panic_strategy: PanicStrategy::Abort,
            relocation_model: RelocModel::Static,
            code_model: Some(CodeModel::Medium),
            emit_debug_gdb_scripts: false,
            eh_frame_header: false,
            ..Default::default()
        },
    }
}

This makes sense as the riscv64gc-unknown-none-elf target is not expecting to be able to target a Linux platform, and thus presumably will not need to link libc or load shared libraries at runtime (i.e. dynamically linked). However, as mentioned before, this also means that we cannot use the Rust standard library. In fact, if we use rustup to add the riscv64gc-unknown-none-elf target and change our build to use it, we’ll see an error indicating that we must declare #![no_std]:


$ rustup target add riscv64gc-unknown-none-elf
info: downloading component 'rust-std' for 'riscv64gc-unknown-none-elf'
info: installing component 'rust-std' for 'riscv64gc-unknown-none-elf'
$ rustup tarcargo build
   Compiling rusty-risc v0.1.0 (/home/dan/code/github.com/hasheddan/testing/rusty-risc)
error[E0463]: can't find crate for `std`
  |
  = note: the `riscv64gc-unknown-none-elf` target may not support the standard library
  = note: `std` is required by `rusty_risc` because it does not declare `#![no_std]`

For more information about this error, try `rustc --explain E0463`.
error: could not compile `rusty-risc` due to previous error

If we were to change our main.rs to contain a very small #![no_std] program, perhaps the one in The Embedonomicon, we would see that it builds successfully:

./src/main.rs


#![no_main]
#![no_std]

use core::panic::PanicInfo;

#[panic_handler]
fn panic(_panic: &PanicInfo<'_>) -> ! {
    loop {}
}


$ (rusty-risc) cargo build
   Compiling rusty-risc v0.1.0 (/home/dan/code/github.com/hasheddan/testing/rusty-risc)
    Finished dev [unoptimized + debuginfo] target(s) in 0.11s

Though this compiles, we would not be able to run it under a normal userspace emulator (more on this below).

This is important as we did not have to download any RISC-V toolchain (outside of the rustup target) to be able to build for riscv64gc-unknown-none-elf. You’ll frequently see bare metal RISC-V Rust projects, such as riscv-rust-quickstart and Stephen Marz’s fantastic osblog take advantage of this. In fact, you can see where each of them switched from explicitly specifying an external linker to using Rust’s default for riscv64gc-unknown-none-elf and riscv32imac-unknown-none-elf respectively. However, we want to build a program that can run on a Linux system, so we don’t have this luxury.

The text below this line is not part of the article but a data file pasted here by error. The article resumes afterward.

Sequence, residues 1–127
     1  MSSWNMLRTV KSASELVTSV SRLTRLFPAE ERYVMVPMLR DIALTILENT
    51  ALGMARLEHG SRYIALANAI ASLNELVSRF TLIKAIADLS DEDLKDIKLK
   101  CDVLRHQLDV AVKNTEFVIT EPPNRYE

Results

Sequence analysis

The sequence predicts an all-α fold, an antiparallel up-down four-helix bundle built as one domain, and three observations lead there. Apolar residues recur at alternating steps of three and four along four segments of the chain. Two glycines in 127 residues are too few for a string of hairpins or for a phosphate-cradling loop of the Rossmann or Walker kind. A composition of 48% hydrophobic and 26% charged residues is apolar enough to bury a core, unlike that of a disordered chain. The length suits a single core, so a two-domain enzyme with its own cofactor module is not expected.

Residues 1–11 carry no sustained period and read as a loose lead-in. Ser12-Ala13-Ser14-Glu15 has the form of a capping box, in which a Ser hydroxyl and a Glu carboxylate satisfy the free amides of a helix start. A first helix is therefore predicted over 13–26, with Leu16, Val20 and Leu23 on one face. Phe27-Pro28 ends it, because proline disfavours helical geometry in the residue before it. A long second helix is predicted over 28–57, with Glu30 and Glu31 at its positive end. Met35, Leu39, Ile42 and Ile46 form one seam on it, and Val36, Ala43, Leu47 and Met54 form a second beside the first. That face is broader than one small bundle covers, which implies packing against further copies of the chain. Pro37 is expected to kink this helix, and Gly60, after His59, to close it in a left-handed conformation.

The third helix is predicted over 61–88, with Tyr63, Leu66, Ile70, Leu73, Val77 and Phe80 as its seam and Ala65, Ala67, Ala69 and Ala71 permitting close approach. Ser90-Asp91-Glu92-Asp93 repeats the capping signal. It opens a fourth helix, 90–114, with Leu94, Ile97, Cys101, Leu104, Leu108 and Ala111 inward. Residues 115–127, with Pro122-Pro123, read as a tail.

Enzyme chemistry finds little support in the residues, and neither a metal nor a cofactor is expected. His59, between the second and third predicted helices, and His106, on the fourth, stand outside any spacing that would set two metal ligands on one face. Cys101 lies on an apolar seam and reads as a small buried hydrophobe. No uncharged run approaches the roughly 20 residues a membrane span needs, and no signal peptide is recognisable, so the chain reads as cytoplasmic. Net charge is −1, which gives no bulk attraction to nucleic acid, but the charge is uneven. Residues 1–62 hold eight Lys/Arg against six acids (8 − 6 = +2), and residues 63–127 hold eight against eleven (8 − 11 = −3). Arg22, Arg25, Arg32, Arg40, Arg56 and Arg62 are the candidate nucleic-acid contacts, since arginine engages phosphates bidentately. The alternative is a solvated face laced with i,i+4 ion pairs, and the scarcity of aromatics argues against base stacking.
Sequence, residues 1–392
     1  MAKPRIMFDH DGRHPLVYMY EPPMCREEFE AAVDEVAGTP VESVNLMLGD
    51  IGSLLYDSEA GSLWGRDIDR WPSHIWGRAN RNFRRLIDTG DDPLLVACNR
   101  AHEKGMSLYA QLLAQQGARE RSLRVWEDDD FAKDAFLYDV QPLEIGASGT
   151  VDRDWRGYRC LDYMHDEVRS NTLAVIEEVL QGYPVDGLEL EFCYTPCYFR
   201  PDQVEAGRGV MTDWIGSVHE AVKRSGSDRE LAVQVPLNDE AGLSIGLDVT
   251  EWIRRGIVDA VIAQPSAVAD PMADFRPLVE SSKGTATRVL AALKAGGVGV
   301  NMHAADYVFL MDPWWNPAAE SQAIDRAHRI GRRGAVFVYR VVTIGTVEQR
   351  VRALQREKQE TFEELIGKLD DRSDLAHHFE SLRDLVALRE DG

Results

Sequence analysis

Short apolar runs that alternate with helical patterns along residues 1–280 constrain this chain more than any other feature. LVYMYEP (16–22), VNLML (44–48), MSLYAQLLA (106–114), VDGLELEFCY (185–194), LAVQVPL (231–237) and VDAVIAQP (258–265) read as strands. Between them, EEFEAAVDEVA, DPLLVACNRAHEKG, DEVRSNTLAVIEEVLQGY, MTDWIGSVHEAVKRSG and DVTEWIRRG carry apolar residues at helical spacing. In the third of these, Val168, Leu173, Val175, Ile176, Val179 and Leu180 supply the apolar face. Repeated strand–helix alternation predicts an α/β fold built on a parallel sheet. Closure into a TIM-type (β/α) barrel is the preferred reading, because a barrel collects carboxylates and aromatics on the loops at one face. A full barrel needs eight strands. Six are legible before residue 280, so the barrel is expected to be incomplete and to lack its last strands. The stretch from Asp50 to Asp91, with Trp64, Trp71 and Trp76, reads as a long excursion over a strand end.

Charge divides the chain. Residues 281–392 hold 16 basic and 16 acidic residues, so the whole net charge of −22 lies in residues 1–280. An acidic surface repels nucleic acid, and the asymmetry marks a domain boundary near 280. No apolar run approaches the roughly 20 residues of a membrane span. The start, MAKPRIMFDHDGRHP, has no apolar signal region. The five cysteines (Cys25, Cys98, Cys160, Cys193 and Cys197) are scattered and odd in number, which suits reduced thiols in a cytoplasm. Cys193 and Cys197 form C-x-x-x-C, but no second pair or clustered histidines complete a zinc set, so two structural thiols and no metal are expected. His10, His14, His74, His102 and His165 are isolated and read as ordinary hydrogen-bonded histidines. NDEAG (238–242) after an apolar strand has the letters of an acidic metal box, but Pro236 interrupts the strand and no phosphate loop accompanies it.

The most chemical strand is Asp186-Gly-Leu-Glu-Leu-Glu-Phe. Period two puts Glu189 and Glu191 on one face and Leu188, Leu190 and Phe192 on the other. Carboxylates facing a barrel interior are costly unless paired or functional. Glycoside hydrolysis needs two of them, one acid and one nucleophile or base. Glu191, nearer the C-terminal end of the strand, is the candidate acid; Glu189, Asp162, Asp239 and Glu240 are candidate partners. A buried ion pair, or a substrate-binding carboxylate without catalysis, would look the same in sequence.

Fortunately, some awesome RISC-V folks have a riscv-gnu-toolchain repository with detailed instructions on how you can build a cross-compiler. If you’re running Ubuntu, as I am, they also publish periodic builds that you can download and install. As of the writing of this post, I am using the 2022.01.17 release for riscv64-glibc-ubuntu-20.04.

Now that we have our toolchain, let’s swap back to our “Hello, world!” program and change our target back to riscv64gc-unknown-linux-gnu. We can add a target-specific linker to override the default cc that Rust will use:

./.cargo/config.toml


[build]
target = "riscv64gc-unknown-linux-gnu"

[target.riscv64gc-unknown-linux-gnu]
linker = "riscv64-unknown-linux-gnu-gcc"

Alright, let’s see how that goes:


$ (rusty-risc) cargo build
   Compiling rusty-risc v0.1.0 (/home/dan/code/github.com/hasheddan/testing/rusty-risc)
    Finished dev [unoptimized + debuginfo] target(s) in 0.25s

Looks good! Now in order to see if this runs succesfully, we are going to need to acquire a userspace emulator for 64-bit RISC-V. If you haven’t already installed QEMU head back to the first RISC-V Bytes post where we looked at cross-platform debugging for download instructions. Once installed, we should be able to invoke the binary produced from cargo build directly thanks to binfmt_misc, which will automatically invoke qemu-riscv64.


$ (rusty-risc) ./target/riscv64gc-unknown-linux-gnu/debug/rusty-risc 
/lib/ld-linux-riscv64-lp64d.so.1: No such file or directory

Hmm, that doesn’t look great. If you remember earlier, the default behavior that the riscv64gc-unknown-linux-gnu target consumed was producing a dynamically linked executable. We can use readelf to see where our ELF file is requesting ld-linux-riscv64-lp64d.so.1 as its “interpreter”:


$ (rusty-risc) riscv64-unknown-linux-gnu-readelf -l ./target/riscv64gc-unknown-linux-gnu/debug/rusty-risc

  INTERP         0x0000000000000270 0x0000000000000270 0x0000000000000270
                 0x0000000000000021 0x0000000000000021  R      0x1
      [Requesting program interpreter: /lib/ld-linux-riscv64-lp64d.so.1]

When we installed our toolchain, it came with the ld.so dynamic linker/loader, which you should be able to find under sysroot/lib in the location where you installed your toolchain (mine is ~/opt/riscv):


$ (rusty-risc) ls -la ~/opt/riscv/sysroot/lib/ | grep ld